I have left this characteristic of discipleship to the last, not because it is of lesser importance than the rest, but because it sums up much that was both characteristic and distinctive of the social self-understanding that Jesus encouraged in his disciples. Two features in particular stand out: table-fellowship and absence of boundaries. Thev overlap, but it is worth attempting to give them separate treatment.
a. Table Fellowship
Jesus' practice of eating in companv was clearlv a regular and important feature of his mission. We have alreadv noted that Jesus had a reputation for eating and drinking too much — 'a glutton and a drunkard' (Matt. 11.19/Luke 7.34).252 We should hardlv take such an accusation literallv.253 But presumablv Jesus did spend a fair amount of time at the meal table, no doubt in conversation and teach
251. It is unclear what Matt. 19.12 ('. . . there are eunuchs who have made themselves eunuchs for the sake of the kingdom of heaven') contributes to the discussion. It can certainlv be attributed to Jesus (see particularfy Davies and Allison, Matthew 3.22-25; Allison, Jesus 182-85) and could be taken as a piece of autobiographv (without implication of literal self-castration) in partial explanation of why Jesus himself did not marty (e.g., Schrage, Ethics 93; Gnilka, Jesus 172-73), quite possibfy as a jibe directed against Jesus bv his critics (J. Blinzler, 'Eisin eunouchoi. Zur Auslegung von Mt 19,12', ZAW48  254-70; F.J. Moloney, 'Matthew 19.3-12 and Celibacy', JSNT 2  42-60 [here 50-52]; Meier, Marginal Jew 3.50-4505, 507-508). But if so, is it more than a vivid expression of complete commitment to his mission (cf. Paul: 1 Cor. 7.32-35; 9.5, 12)? And is there anv real indication that Jesus expected quite such an extreme expression of dedication from all his disciples (contrast 1 Cor. 9.5)? Allison pushes the evidence too hard (Matt. 19.10-12; 5.27-28; Mark 9.42-48 [chapter 12 n. 192]; 12.18-27) in arguing that Jesus can be understood as a 'millenarian ascetic' some of whose teaching 'reveals a deep alienation from the world as it is' (Jesus 172-216, quotation from 205). Nor should Matt. 23.9 ('Call no man vour father on earth') be cited here (pace Gnilka, Jesus 201-202; cf. Barton, Discipleship 130). As Barton notes (215 n. 294), what is in view is not household authoritv but teaching authoritv (see also Davies and Allison, Matthew 3.276-77).
253. 'An urban partvgoer', 'the proverbial partv animal' (Funk, Honest 192, 208). Jeremias argues that the denigration of Jesus is derived from Deut. and 'stigmatizes him on the strength of this connection as a "refractorv and rebellious son", who deserved to be ing.254 A particular criticism was that 'he ate with tax-collectors and sinners'.255 It is also worth noting that of the several criticisms attributed to Pharisees, four have to do with matters of table-fellowship or eating practices: eating with the religiously unacceptable (n. 255), feasting rather than fasting (Mark 2.18 pars.), plucking grain (Mark 2.23-24 pars.), and eating with defiled (= unwashed) hands (Mark 7.5/Matt. 15.2). In contrast, Luke in particular makes a point of recalling how often Jesus accepted invitations to 'dine out'.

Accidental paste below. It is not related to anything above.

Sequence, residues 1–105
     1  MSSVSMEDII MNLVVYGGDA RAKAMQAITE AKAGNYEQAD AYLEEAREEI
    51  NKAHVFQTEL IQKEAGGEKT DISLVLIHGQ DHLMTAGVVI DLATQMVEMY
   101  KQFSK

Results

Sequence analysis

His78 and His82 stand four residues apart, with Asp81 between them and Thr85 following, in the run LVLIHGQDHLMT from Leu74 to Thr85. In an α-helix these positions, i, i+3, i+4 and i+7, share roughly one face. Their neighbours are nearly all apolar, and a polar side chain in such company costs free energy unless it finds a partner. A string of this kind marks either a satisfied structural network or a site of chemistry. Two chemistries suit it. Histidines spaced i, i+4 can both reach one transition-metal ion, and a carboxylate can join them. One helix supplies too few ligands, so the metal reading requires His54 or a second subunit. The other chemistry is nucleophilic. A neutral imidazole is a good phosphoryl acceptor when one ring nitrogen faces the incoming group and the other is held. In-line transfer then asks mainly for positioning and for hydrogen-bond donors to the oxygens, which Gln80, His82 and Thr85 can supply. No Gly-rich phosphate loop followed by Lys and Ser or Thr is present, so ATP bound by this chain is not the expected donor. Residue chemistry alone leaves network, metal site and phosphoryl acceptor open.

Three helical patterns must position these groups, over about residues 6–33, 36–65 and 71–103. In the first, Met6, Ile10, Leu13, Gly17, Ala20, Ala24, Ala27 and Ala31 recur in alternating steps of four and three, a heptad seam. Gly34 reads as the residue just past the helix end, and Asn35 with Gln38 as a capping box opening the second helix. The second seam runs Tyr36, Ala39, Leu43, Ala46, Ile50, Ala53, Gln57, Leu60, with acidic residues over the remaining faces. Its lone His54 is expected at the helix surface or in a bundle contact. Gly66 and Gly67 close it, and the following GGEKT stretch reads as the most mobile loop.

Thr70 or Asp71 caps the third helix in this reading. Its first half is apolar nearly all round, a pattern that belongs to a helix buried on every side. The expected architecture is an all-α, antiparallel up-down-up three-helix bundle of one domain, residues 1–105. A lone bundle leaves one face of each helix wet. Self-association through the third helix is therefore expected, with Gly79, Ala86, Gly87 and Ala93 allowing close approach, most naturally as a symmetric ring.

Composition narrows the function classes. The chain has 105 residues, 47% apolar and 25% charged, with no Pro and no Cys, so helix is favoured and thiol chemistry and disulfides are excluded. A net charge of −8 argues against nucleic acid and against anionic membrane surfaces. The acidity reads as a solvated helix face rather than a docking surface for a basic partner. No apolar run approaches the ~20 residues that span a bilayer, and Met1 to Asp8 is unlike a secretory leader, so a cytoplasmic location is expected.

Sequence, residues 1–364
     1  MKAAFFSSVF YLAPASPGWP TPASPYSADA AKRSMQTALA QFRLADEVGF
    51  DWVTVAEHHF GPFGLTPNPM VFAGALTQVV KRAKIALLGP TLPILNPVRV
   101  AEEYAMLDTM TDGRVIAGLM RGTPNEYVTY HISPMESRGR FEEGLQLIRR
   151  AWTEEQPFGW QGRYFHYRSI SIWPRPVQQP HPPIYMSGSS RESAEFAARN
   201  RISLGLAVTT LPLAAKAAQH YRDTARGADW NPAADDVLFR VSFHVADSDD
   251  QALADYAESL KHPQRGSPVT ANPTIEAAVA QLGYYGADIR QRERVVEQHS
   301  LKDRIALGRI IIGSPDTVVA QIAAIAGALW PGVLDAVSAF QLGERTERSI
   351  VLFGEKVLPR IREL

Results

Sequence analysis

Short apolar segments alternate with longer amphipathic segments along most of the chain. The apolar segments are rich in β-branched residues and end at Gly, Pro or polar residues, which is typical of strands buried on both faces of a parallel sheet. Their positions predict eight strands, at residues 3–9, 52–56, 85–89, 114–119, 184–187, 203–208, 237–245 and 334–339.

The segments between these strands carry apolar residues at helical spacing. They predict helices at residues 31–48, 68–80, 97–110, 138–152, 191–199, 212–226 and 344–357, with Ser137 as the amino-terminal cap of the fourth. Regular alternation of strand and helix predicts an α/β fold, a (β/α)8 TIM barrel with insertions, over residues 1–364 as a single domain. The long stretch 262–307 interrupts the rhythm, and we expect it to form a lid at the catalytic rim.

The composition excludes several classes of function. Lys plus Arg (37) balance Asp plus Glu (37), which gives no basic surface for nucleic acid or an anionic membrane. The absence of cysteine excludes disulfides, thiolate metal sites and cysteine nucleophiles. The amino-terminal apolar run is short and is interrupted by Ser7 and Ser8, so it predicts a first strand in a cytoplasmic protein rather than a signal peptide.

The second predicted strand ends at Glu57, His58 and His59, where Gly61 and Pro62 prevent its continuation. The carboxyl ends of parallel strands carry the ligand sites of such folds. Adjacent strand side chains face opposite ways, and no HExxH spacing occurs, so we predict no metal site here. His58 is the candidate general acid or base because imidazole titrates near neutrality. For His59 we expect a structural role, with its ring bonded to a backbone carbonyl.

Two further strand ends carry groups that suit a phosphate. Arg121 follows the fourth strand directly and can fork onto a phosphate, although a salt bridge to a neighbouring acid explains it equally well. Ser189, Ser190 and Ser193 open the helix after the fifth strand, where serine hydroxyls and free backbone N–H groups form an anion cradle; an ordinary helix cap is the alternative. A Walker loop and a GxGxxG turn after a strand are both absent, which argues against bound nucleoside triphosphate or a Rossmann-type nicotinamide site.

Luke also implies that Jesus' action as host, in blessing the bread and breaking it, had become a familiar act by which he could be recognized.257 The same feature may indeed be at the heart of the event recalled in the tradition as the feeding of the five thousand (Mark 6.32-44 pars.): Jesus 'took the five loaves . . . blessed them, broke them, and gave them to his disciples . . .' (Mark 6.41 pars.). However much the memory has been elaborated in the retelling, the story as it has reached us was most probably based on the memory of a meal in a barren area seen to have symbolic significance from the first. It is significant for the same reason that all Evangelists agree that Jesus' final time with his disciples was spent in fellowship at the meal table — the last supper (Mark 14.22-25 pars.). That shared meals were a feature of the earliest Jerusalem community from the first (according to Luke) presumably implies that this practice was a carry-over from their time with Jesus.260
Here we need simply to recall also how Jesus used the already familiar stoned' (Parables 160). Fitzmyer points out that the Greek used here (phagos kai oinopotes) scarcely reflects the LXX(symbolokopön oinophlygei) (Luke681), though H. C. Kee, 'Jesus: A Glutton and a Drunkard', NTS 42 (1996) 374-93, questions the importance of the observation (390-91). The phrase more likely echoes Prov. 23.20-21 ('the drunkard [methusos] and the glutton [pornokopos] will become poor'), where the same Hebrew is used as in Deut. 21.20 (zolel wesobe'), 'the point being that Jesus is considered a fool' (BDAG, oinopotes).